What began as something everyone could be a part of- became something you had to “prove yourself” in to be apart of. And if you did “fit” in- you became part of the ever-building “vibe.” I remember a conversation in the mid 90s with my friend Billy, a popular breakdancer in North Florida at the time. He said, as were driving to a party in Orlando, “You see- everyone’s got a job- the dancer- the DJ- the drug-dealer. And if we all do our job right- the end result is a good “vibe.” Good god, had we made drug-dealer a “respectable profession?” The scene had become both beautiful and dangerous.

I was approached by East West [Records]. That [Das EFX “Microphone Master”] was the first official remix and I was in Kansas. I had to get the job done so I brought Joc Max in and did it with him. Everything that we did, we labeled it Domecrackers. We eventually wanted to do a project called the Domecracker Project where me and him produce the whole record. But that still has yet to come to fruition. We talk about it all the time. He’s like a best friend, actually, like a brother. I speak to him all the time even outside of the music thing. So that’s what that Domecracker thing is, me and Joc.

In the South Africa field Defqon 2011 Hardstyle incorporates a kick drums popping sounds combination of the hard-hitting low. Always check the format of the song you want to sample. There are lots of other music genres some of which are well-known.

The night was abuzz with speculation. What kind of song will this release be. Amanda Davids has a reputation for fusing funk, soul, hip-hop and RnB with classical music, latin jazz and hints of bebop. Will it be soulful? Will it be funky? Will it have the prodigious grand piano we typically hear from her, or will it have hints of the Hammond B-3 she has absorbed from her teacher, jazz great, Tony Monaco.

What really set things off on the underground was my group Jigmastas and Beyond Real, the single that we had out, starting the label, and working with people like J-Live, Mr. Complex, etc. etc. So I would say ’95 was the year that really started things off. I also had–my first remix was “Microphone Master” by Das EFX and “Stakes Is High” by De La Soul. I did two MC Eiht remixes. And that was it. That was the starting point.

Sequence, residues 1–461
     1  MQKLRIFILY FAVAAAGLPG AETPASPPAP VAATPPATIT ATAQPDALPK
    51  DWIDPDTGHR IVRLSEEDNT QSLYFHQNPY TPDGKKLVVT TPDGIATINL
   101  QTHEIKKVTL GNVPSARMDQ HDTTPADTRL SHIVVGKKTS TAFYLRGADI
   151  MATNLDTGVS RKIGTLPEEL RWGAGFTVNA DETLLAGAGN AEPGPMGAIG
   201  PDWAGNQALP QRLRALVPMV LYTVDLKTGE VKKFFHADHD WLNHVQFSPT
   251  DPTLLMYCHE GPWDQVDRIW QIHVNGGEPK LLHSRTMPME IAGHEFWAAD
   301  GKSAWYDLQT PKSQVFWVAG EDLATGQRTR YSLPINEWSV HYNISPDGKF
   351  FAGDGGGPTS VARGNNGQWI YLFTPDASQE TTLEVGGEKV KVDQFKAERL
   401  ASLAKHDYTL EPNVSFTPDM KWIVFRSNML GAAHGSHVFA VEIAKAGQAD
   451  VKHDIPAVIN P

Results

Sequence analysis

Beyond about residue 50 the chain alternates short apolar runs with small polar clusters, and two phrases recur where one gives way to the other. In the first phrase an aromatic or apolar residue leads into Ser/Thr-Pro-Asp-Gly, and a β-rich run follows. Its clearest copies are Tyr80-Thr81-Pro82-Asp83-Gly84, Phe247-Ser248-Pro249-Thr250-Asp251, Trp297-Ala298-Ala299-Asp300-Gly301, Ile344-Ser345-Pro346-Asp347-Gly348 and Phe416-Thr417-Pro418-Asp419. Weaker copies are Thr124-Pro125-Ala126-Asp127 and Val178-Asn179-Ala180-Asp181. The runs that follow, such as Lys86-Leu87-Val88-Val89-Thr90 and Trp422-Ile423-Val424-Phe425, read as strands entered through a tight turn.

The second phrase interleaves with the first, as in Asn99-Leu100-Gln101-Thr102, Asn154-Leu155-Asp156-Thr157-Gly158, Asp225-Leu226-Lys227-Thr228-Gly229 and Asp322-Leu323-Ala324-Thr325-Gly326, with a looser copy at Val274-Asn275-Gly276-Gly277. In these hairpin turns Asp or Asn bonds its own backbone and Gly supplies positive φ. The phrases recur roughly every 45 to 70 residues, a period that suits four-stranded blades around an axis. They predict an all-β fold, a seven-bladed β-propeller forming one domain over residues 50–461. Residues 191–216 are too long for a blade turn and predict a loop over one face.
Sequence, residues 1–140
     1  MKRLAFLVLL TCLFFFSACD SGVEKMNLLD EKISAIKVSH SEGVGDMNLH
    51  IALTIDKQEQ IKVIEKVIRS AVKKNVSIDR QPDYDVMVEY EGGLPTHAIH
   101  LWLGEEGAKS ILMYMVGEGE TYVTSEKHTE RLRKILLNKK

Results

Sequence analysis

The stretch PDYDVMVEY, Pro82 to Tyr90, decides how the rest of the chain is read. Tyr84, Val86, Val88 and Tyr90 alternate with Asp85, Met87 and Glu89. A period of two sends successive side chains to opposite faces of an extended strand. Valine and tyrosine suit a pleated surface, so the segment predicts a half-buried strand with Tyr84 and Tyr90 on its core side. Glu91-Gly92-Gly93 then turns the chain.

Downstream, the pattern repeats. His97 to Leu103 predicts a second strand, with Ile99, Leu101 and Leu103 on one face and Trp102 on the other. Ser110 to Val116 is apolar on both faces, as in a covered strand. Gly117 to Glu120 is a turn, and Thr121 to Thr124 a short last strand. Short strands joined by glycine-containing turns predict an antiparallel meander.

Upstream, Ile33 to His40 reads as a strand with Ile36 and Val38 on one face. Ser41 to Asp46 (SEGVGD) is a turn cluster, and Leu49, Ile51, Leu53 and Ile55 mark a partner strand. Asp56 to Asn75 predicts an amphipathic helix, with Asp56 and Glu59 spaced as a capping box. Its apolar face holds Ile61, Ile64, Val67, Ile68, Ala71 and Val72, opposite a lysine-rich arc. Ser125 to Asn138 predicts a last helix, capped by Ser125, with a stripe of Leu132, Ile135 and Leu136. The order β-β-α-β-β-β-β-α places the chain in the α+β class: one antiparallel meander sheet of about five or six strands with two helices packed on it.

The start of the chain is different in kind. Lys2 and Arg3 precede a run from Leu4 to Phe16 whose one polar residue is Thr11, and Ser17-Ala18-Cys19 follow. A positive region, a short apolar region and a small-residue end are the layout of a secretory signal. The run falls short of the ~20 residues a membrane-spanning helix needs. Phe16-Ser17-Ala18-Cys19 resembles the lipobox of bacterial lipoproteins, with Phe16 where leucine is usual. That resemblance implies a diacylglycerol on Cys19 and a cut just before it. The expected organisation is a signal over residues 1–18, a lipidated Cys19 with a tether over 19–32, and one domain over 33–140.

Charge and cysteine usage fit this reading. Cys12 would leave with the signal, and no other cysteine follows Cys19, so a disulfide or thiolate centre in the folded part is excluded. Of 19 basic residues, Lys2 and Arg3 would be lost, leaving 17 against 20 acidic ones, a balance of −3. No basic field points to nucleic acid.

Secondly let me talk a little bit about software used for creating beats. The first piece of software that I used was Cakewalk, followed by Fruit Loops Studio and finally Reason by Propellerhead. I had always liked the feel of Hardware until I got used to using software. In my opinion, the biggest advantage to using software is the price. You can get software for a third of the price you spend on hardware. If you are PC literate which a lot of the younger generation is now, it is easier to cut, copy and paste within the software. This was not as easy when breakbeat using Hardware.

December 31, 1999. New Year’s Eve party at New Energy in York, Pennsylvania. Definitely makes it easy to remember with it being on such a monumental New Year’s Eve.

Listening to Drop the Lime is like catching an aural virus. A feverish urge swells in your temporal lobe. You get chills. Sweat beads form on your forehead. Your mouth dries and begs for water or a chilled cocktail. Suddenly, that feverish urge grows like a hearbeat in your temple, forcing you, slowly but surely, to bang your head dizzyingly to the beat. Boom-waht-boom-waht-chagachaga-boom-waht.

What began as something everyone could be a part of- became something you had to “prove yourself” in to be apart of. And if you did “fit” in- you became part of the ever-building “vibe.” I remember a conversation in the mid 90s with my friend Billy, a popular breakdancer in North Florida at the time. He said, as were driving to a party in Orlando, “You see- everyone’s got a job- the dancer- the DJ- the drug-dealer. And if we all do our job right- the end result is a good “vibe.” Good god, had we made drug-dealer a “respectable profession?” The scene had become both beautiful and dangerous.

I was approached by East West [Records]. That [Das EFX “Microphone Master”] was the first official remix and I was in Kansas. I had to get the job done so I brought Joc Max in and did it with him. Everything that we did, we labeled it Domecrackers. We eventually wanted to do a project called the Domecracker Project where me and him produce the whole record. But that still has yet to come to fruition. We talk about it all the time. He’s like a best friend, actually, like a brother. I speak to him all the time even outside of the music thing. So that’s what that Domecracker thing is, me and Joc.